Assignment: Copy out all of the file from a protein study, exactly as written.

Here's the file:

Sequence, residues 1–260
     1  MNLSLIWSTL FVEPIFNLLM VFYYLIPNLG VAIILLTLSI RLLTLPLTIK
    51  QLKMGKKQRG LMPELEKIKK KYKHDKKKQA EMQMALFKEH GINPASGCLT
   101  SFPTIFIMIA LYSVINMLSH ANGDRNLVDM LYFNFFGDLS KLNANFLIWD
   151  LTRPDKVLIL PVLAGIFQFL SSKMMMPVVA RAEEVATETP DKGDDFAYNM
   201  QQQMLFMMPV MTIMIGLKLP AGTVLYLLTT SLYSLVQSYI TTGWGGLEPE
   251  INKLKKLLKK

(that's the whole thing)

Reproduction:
Sequence, residues 1–260
     1  MNLSLIWSTL FVEPIFNLLM VFYYLIPNLG VAIILLTLSI RLLTLPLTIK
    51  QLKMGKKQRG LMPELEKIKK KYKHDKKKQA EMQMALFKEH GINPASGCLT
   101  SFPTIFIMIA LYSVINMLSH ANGDRNLVDM LYFNFFGDLS KLNANFLIWD
   151  LTRPDKVLIL PVLAGIFQFL SSKMMMPVVA RAEEVATETP DKGDDFAYNM
   201  QQQMLFMMPV MTIMIGLKLP AGTVLYLLTT SLYSLVQSYI TTGWGGLEPE
   251  INKLKKLLKK